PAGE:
Below you’ll find nine new historical possibilities I wrote down in one creative burst. I’m not claiming these ideas are true and fully confirmed. I’m presenting them as opportunities for further investigation and to demonstrate how little we know about human origins.
If you pay attention, you probably already noticed that the mainstream historical paradigm is incomplete at best. You’d be much better off thinking for yourself, rather than trusting entrenched views of stagnant minds.
1. Life on Earth may have come from Mars
The evidence of a huge cataclysm that obliterated Mars is mounting. One side of the Red Planet has been bombarded by comets and that was the end of all possible life there. We also know that Mars was once a world full of water and had an atmosphere similar to Earth’s. But in one fell swoop, the planet has been destroyed.
Any similar event in history comes to mind? Yes indeed. We already know that the dinosaurs became extinct after a huge comet (at least 10 km in diameter) hit the Earth.
Now you may think that equipped with that knowledge, humans would try to prevent any mass extinction event like this from happening again. Yet the underfunded NASA can spot only about 10% of comets that could be on their way to the Pale Blue Dot (there may be many of them).
And it’s not a matter of technology – it’s a matter of money. So one day you could wake up nice and early only to learn that the Armageddon has come to pass and nobody even informed you about it.
NASA scientists haven’t even tested any interception system that would destroy a comet even if they knew that it was coming. And yet we spend billions of dollars on military.
Back to Mars.
We now know that Mars could have harbored life for hundreds of millions of years. But since we didn’t actually set foot on the ground, we still don’t have access to enough evidence to corroborate this theory. All we can do before the planned colonization of Mars (in around 2040) is to look from afar.
Already, a new theory about Mars seeding life on Earth gains a foothold in the scientific community. The nutrients required for life formation were supposed to come to Earth on a Martian Meteorite.
There are even theories about intelligent life on Mars which are based on insufficient, yet intriguing evidence.
There’s the famous Cydonia region which is the home to the famous “Face on Mars” and the supposed pyramids. While NASA discarded the face as a mere optical illusion, we won’t be sure until we take another one more small step for man.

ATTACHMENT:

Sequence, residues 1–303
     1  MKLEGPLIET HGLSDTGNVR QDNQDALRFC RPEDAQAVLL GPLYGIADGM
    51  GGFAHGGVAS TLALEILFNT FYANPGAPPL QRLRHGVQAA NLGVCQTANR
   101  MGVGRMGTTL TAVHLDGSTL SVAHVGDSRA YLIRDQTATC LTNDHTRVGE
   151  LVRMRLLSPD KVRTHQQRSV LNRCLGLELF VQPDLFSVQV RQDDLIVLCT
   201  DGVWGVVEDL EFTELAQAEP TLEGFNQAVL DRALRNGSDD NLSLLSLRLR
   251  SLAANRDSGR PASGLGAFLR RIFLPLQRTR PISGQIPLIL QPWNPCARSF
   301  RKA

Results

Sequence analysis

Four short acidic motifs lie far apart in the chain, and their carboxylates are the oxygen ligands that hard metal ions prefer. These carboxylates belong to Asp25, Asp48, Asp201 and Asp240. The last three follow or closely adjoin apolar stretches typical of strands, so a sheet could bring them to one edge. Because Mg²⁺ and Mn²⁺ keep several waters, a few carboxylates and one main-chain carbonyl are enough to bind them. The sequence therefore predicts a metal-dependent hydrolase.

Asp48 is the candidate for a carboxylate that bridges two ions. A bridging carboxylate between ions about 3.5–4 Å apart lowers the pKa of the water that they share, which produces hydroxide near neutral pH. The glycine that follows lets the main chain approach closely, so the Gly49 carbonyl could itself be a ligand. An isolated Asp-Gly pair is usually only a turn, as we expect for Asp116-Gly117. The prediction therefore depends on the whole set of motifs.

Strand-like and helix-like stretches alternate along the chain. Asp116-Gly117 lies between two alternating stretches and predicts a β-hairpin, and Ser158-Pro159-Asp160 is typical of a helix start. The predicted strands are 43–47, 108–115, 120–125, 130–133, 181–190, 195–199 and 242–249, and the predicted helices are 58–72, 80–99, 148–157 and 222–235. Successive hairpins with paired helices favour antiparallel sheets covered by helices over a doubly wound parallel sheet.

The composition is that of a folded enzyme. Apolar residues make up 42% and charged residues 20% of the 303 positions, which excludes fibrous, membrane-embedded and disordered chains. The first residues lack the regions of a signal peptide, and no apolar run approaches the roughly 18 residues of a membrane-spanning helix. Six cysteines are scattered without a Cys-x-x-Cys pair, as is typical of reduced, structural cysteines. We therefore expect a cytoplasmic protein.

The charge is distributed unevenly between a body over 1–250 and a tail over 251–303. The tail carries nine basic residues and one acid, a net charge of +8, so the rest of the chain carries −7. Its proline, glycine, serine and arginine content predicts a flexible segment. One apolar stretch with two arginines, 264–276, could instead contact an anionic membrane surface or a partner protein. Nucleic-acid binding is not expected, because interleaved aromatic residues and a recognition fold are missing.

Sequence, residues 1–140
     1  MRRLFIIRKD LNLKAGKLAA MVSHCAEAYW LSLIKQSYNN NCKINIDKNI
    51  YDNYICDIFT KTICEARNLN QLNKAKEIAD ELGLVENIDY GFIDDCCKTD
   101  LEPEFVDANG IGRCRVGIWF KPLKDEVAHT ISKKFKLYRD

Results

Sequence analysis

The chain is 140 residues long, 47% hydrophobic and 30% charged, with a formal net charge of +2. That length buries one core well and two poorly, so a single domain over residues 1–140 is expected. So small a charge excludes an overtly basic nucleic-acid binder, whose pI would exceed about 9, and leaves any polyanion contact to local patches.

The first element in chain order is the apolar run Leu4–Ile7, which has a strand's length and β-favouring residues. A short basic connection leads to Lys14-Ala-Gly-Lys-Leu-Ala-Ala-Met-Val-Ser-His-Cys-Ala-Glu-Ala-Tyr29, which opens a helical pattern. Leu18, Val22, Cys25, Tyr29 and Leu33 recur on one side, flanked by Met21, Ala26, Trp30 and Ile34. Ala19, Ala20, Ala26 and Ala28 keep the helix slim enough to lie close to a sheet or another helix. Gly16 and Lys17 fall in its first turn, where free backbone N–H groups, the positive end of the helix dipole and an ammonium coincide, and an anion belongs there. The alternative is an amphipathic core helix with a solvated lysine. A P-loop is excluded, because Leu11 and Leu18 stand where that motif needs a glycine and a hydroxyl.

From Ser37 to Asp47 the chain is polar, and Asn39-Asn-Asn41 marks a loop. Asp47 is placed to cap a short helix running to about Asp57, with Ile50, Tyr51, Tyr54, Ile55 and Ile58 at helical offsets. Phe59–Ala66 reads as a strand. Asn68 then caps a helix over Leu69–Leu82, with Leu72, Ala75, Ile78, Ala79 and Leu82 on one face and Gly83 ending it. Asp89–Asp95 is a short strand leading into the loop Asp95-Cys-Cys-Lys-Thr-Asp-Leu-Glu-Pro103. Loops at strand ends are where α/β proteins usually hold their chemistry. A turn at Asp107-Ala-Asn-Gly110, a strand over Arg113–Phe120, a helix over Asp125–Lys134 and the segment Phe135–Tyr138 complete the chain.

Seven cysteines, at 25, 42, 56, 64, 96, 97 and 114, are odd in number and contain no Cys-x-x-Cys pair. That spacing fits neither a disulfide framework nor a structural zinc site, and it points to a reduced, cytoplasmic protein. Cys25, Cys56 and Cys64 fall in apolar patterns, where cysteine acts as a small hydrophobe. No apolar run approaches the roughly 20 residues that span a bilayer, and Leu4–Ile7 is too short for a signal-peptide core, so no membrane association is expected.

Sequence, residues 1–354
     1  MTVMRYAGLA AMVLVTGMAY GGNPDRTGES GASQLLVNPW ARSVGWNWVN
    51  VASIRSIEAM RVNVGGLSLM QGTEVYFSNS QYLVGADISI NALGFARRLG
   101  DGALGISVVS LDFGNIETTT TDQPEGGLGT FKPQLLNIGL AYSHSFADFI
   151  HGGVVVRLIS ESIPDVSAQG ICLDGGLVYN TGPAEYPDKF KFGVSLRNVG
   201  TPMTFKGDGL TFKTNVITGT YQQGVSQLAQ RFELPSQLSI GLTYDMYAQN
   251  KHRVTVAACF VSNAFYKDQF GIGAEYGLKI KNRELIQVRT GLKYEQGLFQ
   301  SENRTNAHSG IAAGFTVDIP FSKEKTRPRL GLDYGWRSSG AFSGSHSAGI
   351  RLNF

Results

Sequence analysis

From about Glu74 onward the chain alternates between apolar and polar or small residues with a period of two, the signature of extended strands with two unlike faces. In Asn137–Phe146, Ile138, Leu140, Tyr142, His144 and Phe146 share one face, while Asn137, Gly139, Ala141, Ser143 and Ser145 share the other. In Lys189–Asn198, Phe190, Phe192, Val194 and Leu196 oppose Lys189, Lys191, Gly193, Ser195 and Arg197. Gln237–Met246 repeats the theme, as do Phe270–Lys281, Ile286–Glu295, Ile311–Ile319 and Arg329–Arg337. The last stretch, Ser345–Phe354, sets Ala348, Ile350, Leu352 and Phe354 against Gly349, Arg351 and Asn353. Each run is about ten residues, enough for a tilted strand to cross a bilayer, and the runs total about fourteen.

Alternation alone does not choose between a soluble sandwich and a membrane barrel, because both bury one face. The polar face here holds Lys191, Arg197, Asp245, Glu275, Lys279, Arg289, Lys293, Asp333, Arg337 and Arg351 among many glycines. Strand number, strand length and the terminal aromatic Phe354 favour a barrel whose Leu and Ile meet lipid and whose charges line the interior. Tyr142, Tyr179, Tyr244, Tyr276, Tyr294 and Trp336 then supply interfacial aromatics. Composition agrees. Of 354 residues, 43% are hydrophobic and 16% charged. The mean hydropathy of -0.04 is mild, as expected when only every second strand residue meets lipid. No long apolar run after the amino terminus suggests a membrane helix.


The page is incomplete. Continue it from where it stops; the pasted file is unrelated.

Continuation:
2. Psilocybin coming to Earth from outer space
Not only life, but also foreign substances could have come to Earth from outer space. The best candidate for that is the hallucinogenic mushroom containing psilocybin. On the molecular level, it’s different from all other substances known to man and its spores have extremely high chances of survival in the space environment.
Here’s an excerpt from a lecture by a philosopher and biologist Terence McKenna:
First argument – entirely a physical argument. Psilocybin is O-phosphoryl-4-hydroxy-N,N-dimethyltryptamine. What this means is that there is a phosphorous group substituted at the 4 position of the molecule. Now here’s the headline folks: This is the ONLY 4-phosphorylated indole on this planet! On this planet.
Actually, most species of hallucinogenic mushrooms are found in South America (we still don’t know why that is). Maybe that’s where the “Psilocybin Comet” hit the Earth.
The best candidate that could confirm it is the recently discovered Iturralde Crater dated between 11,000 and 30,000 years (but it may be much older). It hit the Bolivian rainforest. Then the mushroom might have spread to other places on Earth.
Maybe there is one more crater that we still don’t know about or the mushrooms spread in another way. But now we can see that instances of things from outer space hitting the Earth are quite common in the geological perspective. Also, Francis Crick, the co-discoverer of DNA claimed that life couldn’t have evolved the Blue Planet and that it must have come from somewhere else.